Now our first-born lager is but a distant and bleary memory, time to look back on the experiment.
It took us a over a year and a half of all-grain brewing to pluck up the courage to do a lager, mostly because our books and the guidance make it sound so damn complicated. The implication seems to be that if you can’t mirror the water quality of Plzen and don’t have lagering capacity of a cavern in the Alps, it just ain’t worth the bother.
This, coupled with a rather narrow definition of what a lager should taste like, makes the process rather daunting. However, having now had a go ourselves, we’d say that you don’t need to worry about things as much as the books suggest to get something very drinkable, and yes, even “authentic”.
More details of the homebrewing lager process after the jump. And maybe some gratuitous pops at the BJCP guidelines…
Continue reading “Brewing lager: what’s all the fuss about?”
It’s been quiet on the blog front in the last week or two, mostly because we’ve been spending every spare minute preparing for our big party.
We’ve been together for 10 years (yikes) so we had all our friends round to celebrate. Of course, we got weirdly into the beer and booze arrangements…
We brewed four batches of beer just for the party — the aforementioned lager and IPA among them.
We asked guests to bring the weirdest beer they could find (a good way to restock the cellar…). And we set up a frankly over-elaborate bar which took up a good quarter of the front room.
1. Behind the bar is the best place to be at a party. You get to talk to everyone without moving from one spot.
2. It’s really easy to tell if people actually like your homebrew…
In the past, they’ve been polite — “Mmm, yeah, it’s OK,” and then the next thing you know you find a mostly full glass hidden behind a vase and they’re chugging from a bottle of commercial lager. Last night, all of our beer went, leaving us with most of the commercial beer we’d bought as a backup. People came back for seconds… and asked for takeaway!
The mild (from a polypin) went down very well, which was especially pleasing because when we tried it on Friday, it hadn’t conditioned. It carbonated overnight.
We love it when a plan comes together.
Normal service resumes — assuming we ever drink again…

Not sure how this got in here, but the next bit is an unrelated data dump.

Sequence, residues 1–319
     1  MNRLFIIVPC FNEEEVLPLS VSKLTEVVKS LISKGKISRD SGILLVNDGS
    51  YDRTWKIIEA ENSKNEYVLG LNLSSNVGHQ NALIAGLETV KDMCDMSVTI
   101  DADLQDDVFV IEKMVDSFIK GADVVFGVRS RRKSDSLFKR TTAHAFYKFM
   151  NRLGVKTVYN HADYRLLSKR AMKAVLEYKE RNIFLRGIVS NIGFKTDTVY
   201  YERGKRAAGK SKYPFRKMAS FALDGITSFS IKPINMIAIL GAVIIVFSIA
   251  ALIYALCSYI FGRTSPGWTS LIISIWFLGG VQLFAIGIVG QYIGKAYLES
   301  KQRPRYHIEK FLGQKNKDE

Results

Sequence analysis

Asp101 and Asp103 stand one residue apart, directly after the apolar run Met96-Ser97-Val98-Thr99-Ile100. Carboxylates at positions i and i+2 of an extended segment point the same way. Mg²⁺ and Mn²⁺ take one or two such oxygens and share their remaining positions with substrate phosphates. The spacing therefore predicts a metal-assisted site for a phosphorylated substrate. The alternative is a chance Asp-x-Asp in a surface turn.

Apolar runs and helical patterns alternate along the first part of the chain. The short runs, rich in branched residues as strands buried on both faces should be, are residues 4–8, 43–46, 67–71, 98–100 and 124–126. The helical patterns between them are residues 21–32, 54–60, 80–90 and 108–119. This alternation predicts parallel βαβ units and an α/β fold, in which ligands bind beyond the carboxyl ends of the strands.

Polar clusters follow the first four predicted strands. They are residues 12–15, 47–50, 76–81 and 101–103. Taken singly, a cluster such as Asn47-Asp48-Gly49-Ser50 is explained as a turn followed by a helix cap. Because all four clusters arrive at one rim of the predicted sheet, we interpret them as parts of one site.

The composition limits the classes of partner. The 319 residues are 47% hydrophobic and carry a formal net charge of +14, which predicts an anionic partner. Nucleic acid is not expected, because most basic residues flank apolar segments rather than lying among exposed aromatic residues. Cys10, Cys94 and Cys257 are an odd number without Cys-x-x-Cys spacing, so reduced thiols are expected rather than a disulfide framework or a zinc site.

Picture: the entries in our bring-a-beer competition.
We popped along to the Speaker last night. All their guest beers this week are from Somerset. We tried Cotleigh Barn Owl (pleasant), Moor Revival (great) and Newman’s Wolvers Ale (funny tasting, but drinkable). As Tandleman pointed out, this pub is from the 70s — there’s a big tin of Henri Winterman’s cigars behind the bar, ploughmans were on offer, and there was a man drinking at the bar who looked like Peter Sutcliffe.
Waiter service in bars is one of those things you often hear British people complain about when they come back from holiday.
Queuing at the bar is so ingrained in our culture that the idea of a bloke in an apron bringing our drink (and expecting to be bloody tipped for it, too, cheeky sod…) is almost as upsetting as having to use a funny foreign toilet.
But we’d like to see a bit more waiter service in Britain, now. More and more, we’re put off going to particular pubs because we know we’ll have to stand in a crowd for what feels like 30 minutes, craning our necks, hoping to catch the eye of a barman. How much more civilised to pay a measly tip for the privilege of sitting on one’s behind while fresh glasses of tasty beer are brought to your table.
This would also save us the sight of tourists in England sitting glumly waiting to be served, too. And, vice versa, standardising across Europe would save your continentals from having to watch British people whispering awkwardly near the door:
“I can’t tell if it’s waiter service. Should we go up and order? Maybe we should go up. That looks like a bar. Oh, but look, they’re getting served at the table. Shall we go up?”
“No, Brian. That would be a breach of etiquette, and then they’ll kill us or, worse, laugh at us. Let’s just go back to the hotel and drink from the mini-bar for the next week until the holiday is over.”
Picture by independentman, under a Creative Commons license from Flickr.
We noticed with some excitement that the Jugged Hare on Vauxhall Bridge Road in London will be serving Fuller’s Golden Pride, a strong barley wine, on tap for one week only from the 3rd March.
We’ve had Golden Pride in bottles and not been terribly excited — it’s like Fuller’s other strong beers, but a bit chemical. But it’s raved about by more esteemed critics than us, and on tap..? Well, who knows. We’re definitely going to give it a go.
The Jugged Hare itself is an acquired taste — there are lots of tourists and it feels a bit like a souvenir shop at times — but the beer is always in superb condition and the staff always impress us with their continental-style professionalism.